Luteinizing hormone-releasing hormone agonists such as leuprolide acetate (LA) are the most frequently utilized treatment of advanced prostate cancer as the regimen for achieving androgen deprivation therapy (ADT).
The efficacy of LA is determined by extent of testosterone (T) suppression in prostate cancer patients. Although, the historical castrate T suppression target has been defined as < 50 ng/dl, this level may not be as low as required to deliver equivalent suppression as achieved by surgical castration. Recent studies have demonstrated that a T level as low as 20 ng/dl may produce improved clinical outcomes.
LA is available in long-acting formulations that deliver active drug over the course of 1-6 months from a single-dose administration. The technologies utilized to provide sustained drug delivery differ: one mode of administration uses microspheres, which encapsulate the drug and are injected as a suspension intramuscularly; another mode of administration uses a liquid polymer that creates a single, solid depot after injection subcutaneously. This article will review the safety and efficacy of both 6-month LA formulations, as well as their impact in prostate cancer treatment.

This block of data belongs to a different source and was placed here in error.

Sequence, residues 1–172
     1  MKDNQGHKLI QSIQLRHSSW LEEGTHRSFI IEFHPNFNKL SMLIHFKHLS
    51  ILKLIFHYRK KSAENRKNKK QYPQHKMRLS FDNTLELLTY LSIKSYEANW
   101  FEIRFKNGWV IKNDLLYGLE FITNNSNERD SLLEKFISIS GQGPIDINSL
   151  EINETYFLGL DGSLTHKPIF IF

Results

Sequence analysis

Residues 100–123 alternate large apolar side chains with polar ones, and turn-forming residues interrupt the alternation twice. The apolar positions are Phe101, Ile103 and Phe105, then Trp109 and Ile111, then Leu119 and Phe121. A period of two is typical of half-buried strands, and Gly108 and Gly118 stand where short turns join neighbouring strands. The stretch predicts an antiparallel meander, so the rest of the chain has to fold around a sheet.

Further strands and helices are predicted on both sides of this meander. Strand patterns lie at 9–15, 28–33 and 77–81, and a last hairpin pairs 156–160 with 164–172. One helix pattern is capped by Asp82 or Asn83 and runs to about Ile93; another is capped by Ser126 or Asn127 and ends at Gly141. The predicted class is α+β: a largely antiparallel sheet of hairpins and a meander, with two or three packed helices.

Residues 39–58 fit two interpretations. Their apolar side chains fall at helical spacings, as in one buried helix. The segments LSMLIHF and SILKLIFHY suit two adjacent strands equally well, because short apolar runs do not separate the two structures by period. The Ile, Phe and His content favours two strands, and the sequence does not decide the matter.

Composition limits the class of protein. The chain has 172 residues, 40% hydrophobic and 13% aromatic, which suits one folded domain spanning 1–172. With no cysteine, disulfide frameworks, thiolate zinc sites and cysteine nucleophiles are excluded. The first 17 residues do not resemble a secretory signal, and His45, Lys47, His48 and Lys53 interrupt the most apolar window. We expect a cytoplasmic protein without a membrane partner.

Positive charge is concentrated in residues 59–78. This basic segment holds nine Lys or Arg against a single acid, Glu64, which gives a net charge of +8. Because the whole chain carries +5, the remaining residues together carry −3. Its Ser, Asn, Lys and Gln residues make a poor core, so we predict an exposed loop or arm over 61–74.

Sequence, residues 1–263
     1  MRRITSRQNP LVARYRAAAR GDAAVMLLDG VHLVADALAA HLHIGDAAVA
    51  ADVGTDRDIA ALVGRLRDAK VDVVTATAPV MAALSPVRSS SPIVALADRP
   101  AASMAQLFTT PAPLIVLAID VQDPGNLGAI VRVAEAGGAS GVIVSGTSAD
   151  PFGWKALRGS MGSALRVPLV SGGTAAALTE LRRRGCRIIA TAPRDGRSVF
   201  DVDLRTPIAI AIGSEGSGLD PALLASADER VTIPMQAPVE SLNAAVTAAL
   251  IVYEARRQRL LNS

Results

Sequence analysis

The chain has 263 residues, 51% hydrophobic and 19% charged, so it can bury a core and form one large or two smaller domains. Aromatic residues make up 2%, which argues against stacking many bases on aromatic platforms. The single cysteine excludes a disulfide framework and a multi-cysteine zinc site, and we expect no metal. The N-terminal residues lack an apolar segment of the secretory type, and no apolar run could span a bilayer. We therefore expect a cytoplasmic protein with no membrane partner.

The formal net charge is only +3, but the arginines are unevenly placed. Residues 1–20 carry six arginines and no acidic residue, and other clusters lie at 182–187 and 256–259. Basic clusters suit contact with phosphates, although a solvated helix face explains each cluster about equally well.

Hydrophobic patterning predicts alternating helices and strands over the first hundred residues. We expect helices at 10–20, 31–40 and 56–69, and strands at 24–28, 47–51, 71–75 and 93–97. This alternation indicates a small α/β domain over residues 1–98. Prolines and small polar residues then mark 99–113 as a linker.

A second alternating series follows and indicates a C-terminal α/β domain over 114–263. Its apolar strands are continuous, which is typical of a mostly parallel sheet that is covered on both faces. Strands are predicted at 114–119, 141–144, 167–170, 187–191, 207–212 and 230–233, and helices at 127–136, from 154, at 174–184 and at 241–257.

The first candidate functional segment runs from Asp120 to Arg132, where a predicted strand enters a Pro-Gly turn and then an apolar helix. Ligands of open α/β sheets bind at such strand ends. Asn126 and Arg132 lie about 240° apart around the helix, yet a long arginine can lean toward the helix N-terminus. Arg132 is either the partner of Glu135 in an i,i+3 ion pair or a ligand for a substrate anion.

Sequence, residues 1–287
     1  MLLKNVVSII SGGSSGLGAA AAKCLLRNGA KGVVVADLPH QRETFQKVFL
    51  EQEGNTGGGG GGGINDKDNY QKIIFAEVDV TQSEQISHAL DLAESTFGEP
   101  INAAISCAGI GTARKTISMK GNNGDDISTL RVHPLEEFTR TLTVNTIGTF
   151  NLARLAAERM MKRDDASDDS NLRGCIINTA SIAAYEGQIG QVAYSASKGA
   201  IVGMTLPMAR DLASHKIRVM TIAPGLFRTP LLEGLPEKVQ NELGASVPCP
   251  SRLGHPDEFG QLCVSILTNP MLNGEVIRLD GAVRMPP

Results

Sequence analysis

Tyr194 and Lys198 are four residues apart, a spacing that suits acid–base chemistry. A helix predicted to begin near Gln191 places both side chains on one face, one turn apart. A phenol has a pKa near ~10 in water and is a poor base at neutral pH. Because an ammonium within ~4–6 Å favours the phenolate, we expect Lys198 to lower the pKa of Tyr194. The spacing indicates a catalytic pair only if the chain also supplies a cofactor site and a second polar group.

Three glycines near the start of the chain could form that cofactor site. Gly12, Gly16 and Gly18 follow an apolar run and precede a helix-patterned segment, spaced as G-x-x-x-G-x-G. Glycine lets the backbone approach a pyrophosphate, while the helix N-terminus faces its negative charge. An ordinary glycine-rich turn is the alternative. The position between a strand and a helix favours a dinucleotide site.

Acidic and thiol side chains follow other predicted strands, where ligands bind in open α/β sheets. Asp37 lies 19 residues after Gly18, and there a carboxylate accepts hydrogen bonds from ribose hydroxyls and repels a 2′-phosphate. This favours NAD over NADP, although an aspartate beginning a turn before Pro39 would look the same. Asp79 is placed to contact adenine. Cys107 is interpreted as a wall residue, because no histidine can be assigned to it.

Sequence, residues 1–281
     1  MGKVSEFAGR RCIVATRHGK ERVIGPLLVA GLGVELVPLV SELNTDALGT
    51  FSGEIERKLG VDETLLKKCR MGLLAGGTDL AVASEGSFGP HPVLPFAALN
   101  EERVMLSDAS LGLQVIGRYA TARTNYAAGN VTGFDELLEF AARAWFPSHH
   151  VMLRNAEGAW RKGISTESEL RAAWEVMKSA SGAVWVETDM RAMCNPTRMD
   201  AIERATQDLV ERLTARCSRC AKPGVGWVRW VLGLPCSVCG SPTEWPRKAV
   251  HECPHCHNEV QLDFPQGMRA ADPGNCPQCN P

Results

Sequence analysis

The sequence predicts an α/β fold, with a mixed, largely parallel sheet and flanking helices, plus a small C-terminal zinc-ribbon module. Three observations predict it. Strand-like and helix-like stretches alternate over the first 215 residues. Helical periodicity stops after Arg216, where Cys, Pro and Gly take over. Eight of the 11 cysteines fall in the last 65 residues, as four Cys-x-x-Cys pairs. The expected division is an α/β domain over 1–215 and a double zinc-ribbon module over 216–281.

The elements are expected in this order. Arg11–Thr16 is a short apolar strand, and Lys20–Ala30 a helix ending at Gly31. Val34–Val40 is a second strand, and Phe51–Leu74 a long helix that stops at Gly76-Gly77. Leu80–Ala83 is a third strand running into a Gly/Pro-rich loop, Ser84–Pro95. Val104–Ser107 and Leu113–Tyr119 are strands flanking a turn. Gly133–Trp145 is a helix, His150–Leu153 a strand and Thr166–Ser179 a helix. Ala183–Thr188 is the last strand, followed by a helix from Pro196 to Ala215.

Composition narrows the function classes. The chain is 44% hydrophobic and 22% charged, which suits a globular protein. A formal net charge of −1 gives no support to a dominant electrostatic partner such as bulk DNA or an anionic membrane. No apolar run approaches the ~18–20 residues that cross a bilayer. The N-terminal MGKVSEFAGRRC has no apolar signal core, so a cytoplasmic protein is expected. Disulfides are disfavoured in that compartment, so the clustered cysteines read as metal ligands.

As the understanding of optimal T castrate level evolves and may be refined pending new data from contemporaneous trials, achievement and maintenance of T levels well below 50 ng/dl may be important in evaluating potential differences in ADT regimens.
Expert opinion on drug metabolism & toxicology 2015 Sep [Epub]
E David Crawford, Judd W Moul, Oliver Sartor, Neal D Shore
a 1 University of Colorado Cancer Center, University of Colorado Health Sciences Center, Urologic Oncology Department , Mail Stop F710, 1665 N Ursula Street, Rm 1004, P O Box 6510, Aurora, CO 80045, USA +1 720 848 0195 ; +1 720 848 0203